Mobile devices effectively influence physical activity

A meta-analysis has found mobile devices to be an effective means for positively influencing physical activity, according to an article in the Journal of Medical Internet Research.

Researchers in the Department of Kinesiology and Community Health at the University of Illinois at Urbana-Champaign said the study is the "first to synthesize current research focused on the use of mobile devices for increasing physical activity."

The meta-analysis, funded in part by a grant from the National Institute on Aging, included studies that provided original data and aimed to influence physical activity through dissemination or collection of intervention materials with a mobile device. According to the authors, their meta-analysis supports interventions using mobile technology to increase physical activity behavior.

"Although the use of mobile technology in physical activity research is still in its infancy, we believe that this finding serves as an important foundation for informing the development of appropriate and efficient intervention techniques using such technology to enhance this important health behavior," the authors wrote.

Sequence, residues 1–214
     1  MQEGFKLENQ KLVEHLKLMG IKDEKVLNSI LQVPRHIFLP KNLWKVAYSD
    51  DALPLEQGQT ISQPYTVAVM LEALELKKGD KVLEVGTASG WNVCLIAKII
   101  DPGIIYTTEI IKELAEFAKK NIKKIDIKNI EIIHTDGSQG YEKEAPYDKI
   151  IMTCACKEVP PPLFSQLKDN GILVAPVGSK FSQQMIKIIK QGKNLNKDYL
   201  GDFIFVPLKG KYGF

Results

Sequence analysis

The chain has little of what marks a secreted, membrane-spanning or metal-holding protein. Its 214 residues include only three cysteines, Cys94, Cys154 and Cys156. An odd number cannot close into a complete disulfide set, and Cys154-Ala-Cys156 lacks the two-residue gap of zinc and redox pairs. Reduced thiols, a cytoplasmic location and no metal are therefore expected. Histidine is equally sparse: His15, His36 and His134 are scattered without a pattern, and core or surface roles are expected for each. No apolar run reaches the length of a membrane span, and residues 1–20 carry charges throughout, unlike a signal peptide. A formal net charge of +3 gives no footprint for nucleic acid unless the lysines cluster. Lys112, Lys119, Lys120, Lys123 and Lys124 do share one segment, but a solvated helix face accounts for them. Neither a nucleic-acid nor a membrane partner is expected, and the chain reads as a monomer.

One of the "unique and advantageous" features of mobile devices and smartphones, in particular, is their use of apps that reside on the device, the authors noted. Although limited in number at the time of writing, research using native applications "gives cause for optimism," according to the article. The authors also found that the inclusion of advanced sensors, such as integrated accelerometer and GPS devices, hold promise for more accurate assessment of physical activity in real time.

"In combination with smartphone technology, integrated motion sensing can bolster the accuracy of activity measurement, while GPS data may provide geographic location information, allowing for a more detailed examination of the environmental context in which activity does or does not occur," the article stated.

However, the authors argued there still remain issues to resolve relative to the best location on the body to obtain accurate movement data on larger and more diverse populations, and the most accurate algorithms for quantifying different types and intensities of activity.

Earlier this year, a Journal of Medical Internet Research article examined the extent to which various technologies--such as wearable sensors and mobile phone apps--helped patients to stay fit and track calories. While the article determined the effect of technology on actual behavior to be mostly positive, its authors said that more work should explicitly focus on the functions of active technologies, such as interactive education and self-monitoring.

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